Where there is a river there is symbolism. At least, in stories.
River = The Power Of Nature
The flow of a river is a force outside human control (at least, before the days of civil engineering). Crossing a river is unexpectedly treacherous. It’s a common way for trampers (hikers) to die in my home country of New Zealand. Rivers rise suddenly and without warning.
Roald Dahl created Wonka’s factory as a symbolic forest. Sitting mysteriously just outside Charlie’s town, nobody is able to penetrate this forest and get past the mighty beast. This metaphorical forest, we discover, is full of all the perils of a fairytale forest — poisonous berries, tests to see if you’re good or bad, dangerous creatures and a treacherous (chocolate) river.
Augustus is at the mercy of his own natural greed and is killed by the river.
An opponent can be defeated by throwing him/her into the river.
In a comedic journey the danger of a river can be inverted. In The Big Honey Hunt a father and son hide in safety from a swarm of angry bees whose honey they are trying to plunder.
Symbol Of Fertility
In ‘hygge‘ picturebooks there will probably be a gentle river nearby.
Here we have an Australian picnic scene. Even in the dry landscape of Australia, a river is necessary for a truly cosy outdoors scene.
River As Metaphor For Time
In literature as in life, cities and towns often spring up on riverbanks, seemingly brought to life by the river’s movement. The source of the river, typically small mountain streams, depicts the beginnings of life and its meeting with the ocean symbolises the end of life.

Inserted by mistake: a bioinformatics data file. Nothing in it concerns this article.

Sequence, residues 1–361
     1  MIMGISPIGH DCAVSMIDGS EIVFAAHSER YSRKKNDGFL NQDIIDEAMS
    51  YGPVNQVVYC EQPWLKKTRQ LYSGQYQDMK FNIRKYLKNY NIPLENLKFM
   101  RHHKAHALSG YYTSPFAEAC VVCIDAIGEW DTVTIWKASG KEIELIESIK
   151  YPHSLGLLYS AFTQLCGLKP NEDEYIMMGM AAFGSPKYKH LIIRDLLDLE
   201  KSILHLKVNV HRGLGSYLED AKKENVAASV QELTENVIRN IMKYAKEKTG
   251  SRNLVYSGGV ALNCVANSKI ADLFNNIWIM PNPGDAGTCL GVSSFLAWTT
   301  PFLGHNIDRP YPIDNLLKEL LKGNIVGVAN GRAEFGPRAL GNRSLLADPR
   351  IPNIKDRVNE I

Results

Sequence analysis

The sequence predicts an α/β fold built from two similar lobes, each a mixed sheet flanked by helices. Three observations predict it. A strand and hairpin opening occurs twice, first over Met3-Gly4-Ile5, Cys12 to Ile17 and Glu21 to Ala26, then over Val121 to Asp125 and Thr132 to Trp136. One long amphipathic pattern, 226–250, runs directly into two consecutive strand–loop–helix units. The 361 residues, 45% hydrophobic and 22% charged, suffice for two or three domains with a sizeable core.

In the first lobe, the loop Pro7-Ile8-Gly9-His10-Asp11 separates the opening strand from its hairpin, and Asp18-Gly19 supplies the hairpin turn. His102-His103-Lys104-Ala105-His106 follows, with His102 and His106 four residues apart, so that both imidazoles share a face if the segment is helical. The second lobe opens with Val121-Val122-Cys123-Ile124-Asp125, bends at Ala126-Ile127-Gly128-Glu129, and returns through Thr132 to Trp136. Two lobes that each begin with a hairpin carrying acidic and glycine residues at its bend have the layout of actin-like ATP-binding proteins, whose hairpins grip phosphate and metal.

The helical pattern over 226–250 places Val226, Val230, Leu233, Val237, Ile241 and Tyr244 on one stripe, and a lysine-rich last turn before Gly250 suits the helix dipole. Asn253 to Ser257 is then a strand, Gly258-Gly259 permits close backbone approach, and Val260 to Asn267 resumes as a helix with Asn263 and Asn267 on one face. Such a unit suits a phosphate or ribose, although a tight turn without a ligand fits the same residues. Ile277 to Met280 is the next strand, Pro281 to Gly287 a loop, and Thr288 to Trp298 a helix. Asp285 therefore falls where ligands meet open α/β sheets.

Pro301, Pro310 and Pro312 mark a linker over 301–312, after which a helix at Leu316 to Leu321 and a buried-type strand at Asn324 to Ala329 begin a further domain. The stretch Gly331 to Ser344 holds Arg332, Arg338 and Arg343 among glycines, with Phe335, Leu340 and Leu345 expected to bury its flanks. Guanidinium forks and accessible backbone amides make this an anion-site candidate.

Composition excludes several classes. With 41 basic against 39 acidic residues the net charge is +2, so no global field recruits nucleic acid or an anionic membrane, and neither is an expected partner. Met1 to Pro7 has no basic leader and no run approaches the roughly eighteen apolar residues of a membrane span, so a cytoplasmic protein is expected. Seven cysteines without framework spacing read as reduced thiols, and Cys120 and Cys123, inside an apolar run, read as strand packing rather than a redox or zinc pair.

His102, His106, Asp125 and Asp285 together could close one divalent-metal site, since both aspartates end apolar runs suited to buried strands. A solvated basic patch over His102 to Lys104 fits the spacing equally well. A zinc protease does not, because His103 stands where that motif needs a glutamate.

The river is one of my favourite metaphors, the symbol of the great flow of Life itself. The river begins at Source, and returns to Source, unerringly. This happens every single time, without exception. We are no different.– Jeffrey R. Anderson, from The Nature of Things: Navigating Everyday Life with Grace (Balboa Press, 2012)
In The Story About Ping the river has various meanings but most of all this is the story of one duck’s mythic journey towards death and back again. The river as character arc.
River As Boundary
The river is a sign of boundaries and of roadways.
(Roads snaking through a landscape work in the same way.)
As a boundary, the river is sometimes used to show the difference between civilisation and those outside it.
The river has also been used as a symbolic passageway into the heart of the jungle and as a descent into the primitive nature of humanity. (Especially The Amazon and The Congo.)